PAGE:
Metro Ethernet service providers in the Asia Pacific region will be making almost $8bn annually within four years, market watchers predict.
The growing market for Metro Ethernet services in the region is being driven mainly by demand from enterprise customers, researchers at In-Stat believe.
Future growth will be boosted by consumer demand for new high-bandwidth services such as IPTV, according to sources at network hardware maker Nortel Networks.
As the number of enterprises in the region connected to Metro Ethernet networks rises from last year's total of 630,000 to an estimated 2.64 million in 2010, service revenues will more than double from $3.12bn to $7.73bn.
"As service providers realise that the bandwidth flexibility Metro Ethernet offers to enterprise users is greatly welcomed, they will put more effort into developing market opportunities around basic Metro Ethernet connectivity in the next five years," said In-Stat analyst Vincent Liu.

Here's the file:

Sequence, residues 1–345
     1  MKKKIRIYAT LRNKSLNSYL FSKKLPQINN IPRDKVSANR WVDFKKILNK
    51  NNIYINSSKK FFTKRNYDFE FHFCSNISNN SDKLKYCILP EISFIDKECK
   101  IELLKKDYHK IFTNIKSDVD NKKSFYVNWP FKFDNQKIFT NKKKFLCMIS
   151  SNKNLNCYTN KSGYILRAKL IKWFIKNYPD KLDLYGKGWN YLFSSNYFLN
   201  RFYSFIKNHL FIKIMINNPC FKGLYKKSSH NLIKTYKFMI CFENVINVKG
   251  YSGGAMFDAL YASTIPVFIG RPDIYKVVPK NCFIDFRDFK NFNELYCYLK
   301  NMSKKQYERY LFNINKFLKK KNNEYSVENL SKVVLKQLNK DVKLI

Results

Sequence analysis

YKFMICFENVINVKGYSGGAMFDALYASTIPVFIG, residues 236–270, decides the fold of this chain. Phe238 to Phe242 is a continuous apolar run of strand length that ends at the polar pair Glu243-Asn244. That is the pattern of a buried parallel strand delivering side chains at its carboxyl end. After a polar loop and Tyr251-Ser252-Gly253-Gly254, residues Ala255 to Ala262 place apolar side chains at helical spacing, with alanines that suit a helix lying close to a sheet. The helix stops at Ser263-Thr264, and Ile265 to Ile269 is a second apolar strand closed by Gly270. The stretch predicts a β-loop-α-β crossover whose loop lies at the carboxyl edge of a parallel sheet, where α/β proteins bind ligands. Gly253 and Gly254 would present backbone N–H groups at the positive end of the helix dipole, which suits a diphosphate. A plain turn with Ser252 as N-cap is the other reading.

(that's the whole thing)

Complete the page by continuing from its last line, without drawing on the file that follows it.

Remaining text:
Ethernet was originally designed for short range local area networks. Metro Ethernet extends the range of the technology to cover entire urban areas, as the name suggests.
The resulting system is sometimes classified formally as a metropolitan area network. Metro Ethernet is often carried on an optical fibre backbone, with short range wired or wireless links from local hubs to individual users.
Manufacturers of Ethernet hardware claim that the tried and tested nature of the technology makes it cheaper to implement than competing systems, even when the range is extended in this way.
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